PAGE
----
I was lucky enough to be invited to the PenningtonsxTess Holliday collection reveal party last night, where I got to hang out with all my Toronto blogger friends, eat some food, and drink some wine. Also I got to hang out with Tess. Which was PRETTY FRICKING COOL.
Penningtons is a Canadian company, which is why if you live in the States or Europe or whatever you may not have heard of it. It’s sorrrrrt of geared towards older/working plus size women, which is why I don’t shop there too much. Tess’s collection, though, I think brings some much needed youth and badassness back to the brand. You guys know I’m super honest, and I thought everything was really, really cute.
By the way, if you’re expecting Tess to be any less gorgeous in person, she’s not. My friend Erica and I went to shove our faces with nachos after the event, and we were just talking about how pretty and lovely and down to earth she is the whole time. (Like, I’m pretty in pictures but I look like a mountain troll in real life sometimes.)
lololol me and Erica are nerds sorry
I also got the chance to ask Tess a few questions and shove my phone in her poor face and record her responses. A huge thanks to her for making time for me.
Me: “You get asked a lot of advice relating to body positivity, but you’re also just a role model to a lot of people just for being, like, a decent and cool human being. Being newly 30, what advice would you have for women in their 20’s who feel like they’ll never get their shit together? [cough me]”
Tess: “I feel like it’s really hard because I always give the same advice, but I feel like it’s so important to really evaluate who you’re spending time with, and who your friends are. It’s so true, and I’ve learned this the hard way, that you are the company you keep. And I’m really fortunate that the close friends in my life are all amazing, strong people that are really passionate about something in their lives. They’re so busy being focused on how… busy they are, and being happy with themselves, therefore they can be happy for me. That doesn’t mean abandoning people who don’t have their shit figured out, but it’s about making sure that the people in your life are lifting you up and not pulling you down.”
Me: “You’ve done a lot of collabs in the past with other brands- are they all similar experiences or how did this one differ?”
Tess: “I mean, I’ve done collabs before, but nothing on this scale. This was a year-long [process]- each month is a different aesthetic. I’m really excited because I mean, I’m not a designer. I didn’t go to school. I’m not even going to call myself a fashion designer even though I collaborated on this line. But it was nice because I’ve heard for so long what plus girls and what fat girls want, and what we’re not seeing in fashion. We want to be sexy, we want comfort, we want accessibility and options. So it was really nice to be able to do that. So having a year-long collaboration has really allowed me to be able to say “This is what I want, this is what’s important”, and not budge on anything.”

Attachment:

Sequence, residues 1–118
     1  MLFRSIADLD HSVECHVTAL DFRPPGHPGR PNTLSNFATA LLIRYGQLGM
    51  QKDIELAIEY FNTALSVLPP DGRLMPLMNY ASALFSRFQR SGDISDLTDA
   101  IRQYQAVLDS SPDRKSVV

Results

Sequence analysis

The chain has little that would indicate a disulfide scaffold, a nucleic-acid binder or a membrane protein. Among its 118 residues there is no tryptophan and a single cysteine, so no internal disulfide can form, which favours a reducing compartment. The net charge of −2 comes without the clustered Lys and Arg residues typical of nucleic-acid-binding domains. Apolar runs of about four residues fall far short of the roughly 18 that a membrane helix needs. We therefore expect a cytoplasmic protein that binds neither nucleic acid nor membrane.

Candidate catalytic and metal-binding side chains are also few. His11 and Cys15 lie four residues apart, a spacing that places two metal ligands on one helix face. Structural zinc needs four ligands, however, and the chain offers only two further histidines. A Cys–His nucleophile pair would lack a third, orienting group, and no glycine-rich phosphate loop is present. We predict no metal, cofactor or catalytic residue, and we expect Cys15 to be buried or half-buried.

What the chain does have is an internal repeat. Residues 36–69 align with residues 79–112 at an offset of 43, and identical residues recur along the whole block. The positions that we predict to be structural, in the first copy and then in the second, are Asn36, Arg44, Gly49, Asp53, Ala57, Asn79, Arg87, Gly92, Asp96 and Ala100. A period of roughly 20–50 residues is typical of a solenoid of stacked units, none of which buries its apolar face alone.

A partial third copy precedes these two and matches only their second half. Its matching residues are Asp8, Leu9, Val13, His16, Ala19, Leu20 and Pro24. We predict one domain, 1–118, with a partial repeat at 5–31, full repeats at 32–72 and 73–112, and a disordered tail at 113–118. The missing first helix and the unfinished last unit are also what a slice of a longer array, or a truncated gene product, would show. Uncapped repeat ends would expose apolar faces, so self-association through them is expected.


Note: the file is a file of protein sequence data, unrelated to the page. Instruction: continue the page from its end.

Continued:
Me: “So you had 100% say in everything?”
Tess: “I had a hundred per cent creative control. But then, some of it comes down to what’s possible and what we can actually do, and what the manufacturers can do. But I wanted to make sure that I wasn’t losing my voice and that it was authentic. I would honestly wear everything in the collection.”
[Interview pauses and we bond a little over our matching lashes and septum rings and I scream and fangirl internally]
Me: “So you’re one of the main huge role models in the body positivity movement. In every single interview you have, people ask about body positivity. Does it get really repetitive and when do you think just being fat and being proud of your body will be the norm, and you won’t get asked about it because it won’t seem so radical?”
Tess: “I have no idea! A hundred per cent it gets repetitive. I’m asked the same things all the time and sometimes it does get a little daunting but then I remember, like, what if there’s one person that reads that interview that hasn’t heard somebody say that? If it literally just changes one person’s perception of themselves or maybe how they treat others, then it’s worth it. I feel like maybe it won’t always be a conversation however I do think the battle for people accepting fat bodies is always going to be there. Until there’s a major overhaul of the fashion industry and of mainstream media, it’s going to be a battle for a long time. I don’t see that changing, but I see us being more vocal about saying, ‘This is not acceptable’.”
All in all I love this initial collection: she’s also releasing several garments per month for the next year. Which is super exciting- apparently there are some pretty sweet pastels coming this summer. YAS HELLO COUNT ME IN.
Thanks to Tess and Penningtons (and Erica for letting me steal photos off her camera) xo